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Monday, April 20, 2015

Social Media Lessons by Michael Buble

Students, and all of us, really, have to be careful in using social media. Pop singer Michael Buble recently created a stir when he posted an Instagram photo of a woman's derriere on his account. He later apologized, but said he intended no offense. No surprise that there has been some intense reaction. I have posted before on social issues such as race, twice, and homosexuality, twice. I have also posted about social media. There are so many educational lessons here related to sexism and social media combined, that I had to break them down in a pie chart (above).

Many are saying people shouldn't go out in public with their gluteal folds peaking from underneath their shorts. If they do, then all bets are off. Hopefully we all have friends who will give us grief about what we are wearing... or we at least have mirrors where we live.

The biggest question, in my mind, is this really something a sensitive person would do? It might be a little mean, a little... un-Christian. (Though in fairness, it is a little-known fact that the original Christians had wonderful senses of humor. In the recently recovered Biblical book "Antics of the Apostles," we learned that St. Bartholomew was teased mercilessly for his flatulence problem. He was often referred to by the other apostles as "Fart-olomew.") So as a society, we must ask, "are we overly sensitive?" Or is it just a fact of life that everyone throughout time has made fun of other people? He who has not commented on another person's appearance should cast the first Instagram.

Public shaming
There seems to be quite a bit of consternation that this person was put out there with no consent and could be ashamed. This hits close to home for me as I recently found a photo of me on a professor's account that was pretty embarrassing:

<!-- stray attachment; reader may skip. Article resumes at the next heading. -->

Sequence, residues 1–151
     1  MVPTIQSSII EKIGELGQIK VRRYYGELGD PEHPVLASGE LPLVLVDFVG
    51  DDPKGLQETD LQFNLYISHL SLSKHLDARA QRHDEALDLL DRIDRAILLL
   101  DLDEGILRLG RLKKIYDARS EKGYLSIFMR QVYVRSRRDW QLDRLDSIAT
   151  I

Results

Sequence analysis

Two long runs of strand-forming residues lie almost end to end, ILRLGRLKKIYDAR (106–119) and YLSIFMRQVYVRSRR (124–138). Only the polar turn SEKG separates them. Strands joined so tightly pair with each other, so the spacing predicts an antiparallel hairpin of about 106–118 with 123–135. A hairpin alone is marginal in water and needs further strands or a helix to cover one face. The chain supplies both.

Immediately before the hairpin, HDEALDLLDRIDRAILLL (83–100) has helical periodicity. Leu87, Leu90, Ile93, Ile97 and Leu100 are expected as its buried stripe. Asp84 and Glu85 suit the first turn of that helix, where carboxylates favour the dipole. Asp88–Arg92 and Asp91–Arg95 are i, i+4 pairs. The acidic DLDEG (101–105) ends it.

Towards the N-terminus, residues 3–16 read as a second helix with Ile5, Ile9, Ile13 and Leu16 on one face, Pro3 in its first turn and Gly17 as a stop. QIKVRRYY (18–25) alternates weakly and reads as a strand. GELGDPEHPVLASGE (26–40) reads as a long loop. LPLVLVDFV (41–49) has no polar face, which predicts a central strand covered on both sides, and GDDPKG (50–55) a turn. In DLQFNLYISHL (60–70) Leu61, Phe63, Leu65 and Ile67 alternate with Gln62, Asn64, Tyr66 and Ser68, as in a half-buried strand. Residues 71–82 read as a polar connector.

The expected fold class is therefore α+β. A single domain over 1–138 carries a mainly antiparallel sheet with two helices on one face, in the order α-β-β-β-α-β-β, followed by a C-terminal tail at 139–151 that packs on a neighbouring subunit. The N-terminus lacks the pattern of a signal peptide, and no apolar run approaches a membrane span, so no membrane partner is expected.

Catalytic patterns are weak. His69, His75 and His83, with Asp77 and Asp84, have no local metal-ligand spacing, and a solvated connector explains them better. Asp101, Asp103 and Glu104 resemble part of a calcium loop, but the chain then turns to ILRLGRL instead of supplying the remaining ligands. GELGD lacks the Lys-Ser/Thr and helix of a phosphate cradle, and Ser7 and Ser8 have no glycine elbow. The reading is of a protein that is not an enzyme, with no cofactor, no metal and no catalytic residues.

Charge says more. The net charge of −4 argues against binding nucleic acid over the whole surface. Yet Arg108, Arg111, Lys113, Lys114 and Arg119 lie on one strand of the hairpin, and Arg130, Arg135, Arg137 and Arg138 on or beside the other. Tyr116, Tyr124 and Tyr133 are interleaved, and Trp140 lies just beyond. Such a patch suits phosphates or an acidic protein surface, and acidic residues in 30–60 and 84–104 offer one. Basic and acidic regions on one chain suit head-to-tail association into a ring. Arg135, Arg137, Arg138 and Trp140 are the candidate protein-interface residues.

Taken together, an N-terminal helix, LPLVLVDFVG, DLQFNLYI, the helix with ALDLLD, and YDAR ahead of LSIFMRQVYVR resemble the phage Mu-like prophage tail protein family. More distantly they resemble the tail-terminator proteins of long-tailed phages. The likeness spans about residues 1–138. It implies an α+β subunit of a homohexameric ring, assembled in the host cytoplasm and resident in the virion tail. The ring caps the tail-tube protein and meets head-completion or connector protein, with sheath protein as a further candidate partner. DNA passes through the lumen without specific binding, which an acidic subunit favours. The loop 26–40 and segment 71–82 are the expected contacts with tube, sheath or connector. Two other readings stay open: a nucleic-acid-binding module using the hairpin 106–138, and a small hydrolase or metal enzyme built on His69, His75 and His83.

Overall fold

Me, innocently shopping for vitamins...
Anyways, it could be worse. At least this woman has anonymity. Until she goes on Oprah. Celebrities themselves are routinely skewered in the media as though they have no feelings.

Michael Buble was simply doing what throngs of people do at Wal-Mart. His sin, apparently was being Michael Buble and not being anonymous. Of course if HE is taking all of the Wal-Mart photos we have several different issues.

I am not sure I really buy that this is sexist. I might buy that it is a little rude. If this were a guy in the photo no one would care and more likely, most people would be grossed out. Let's face it, there IS a sub-population of really chauvinistic people - they're called men.

So wait, his wife took this photo? So if he was really having her take photos that he would hashtag as #myshorts, #babygotback, #hungryshorts, isn't that weird? Isn't it even stranger that he is so locked in to those hashtags? If this was not rude humor then was it kinky. Eww... who are you?

Okay students of the liberal arts, you know the drill. Michael Buble is not all good and not all bad. So those who are writing him off for this are ridiculous. Those who are championing him might be blinded by his celebrity. It was a "light-hearted" post, as he said, and maybe it offended some and maybe it didn't. Period.

Fast Food
Which brings us to this issue: Why does Michael Buble go out for fast food. Really? You're Michael Buble!

Calling Michael Buble
If I ever want to find Michael I will definitely wear my short-shorts and go to What-a-Burger.

Okay, his apology was the worst. He tried to make us think he was attracted to this bottom, but his post -- with the hashtag #onlyinmiami -- seems disingenuous. Here is how I would write the apology:

"Sorry I offended some with my photo. I thought it was funny that I could see this woman's butt cheeks. I am not in third grade. Neither are you, but I bet you would have done this too. That's life. So, let me sing my sweet songs, eat fast food, and hang out with my wife. This was nothing more. And it's nothing less."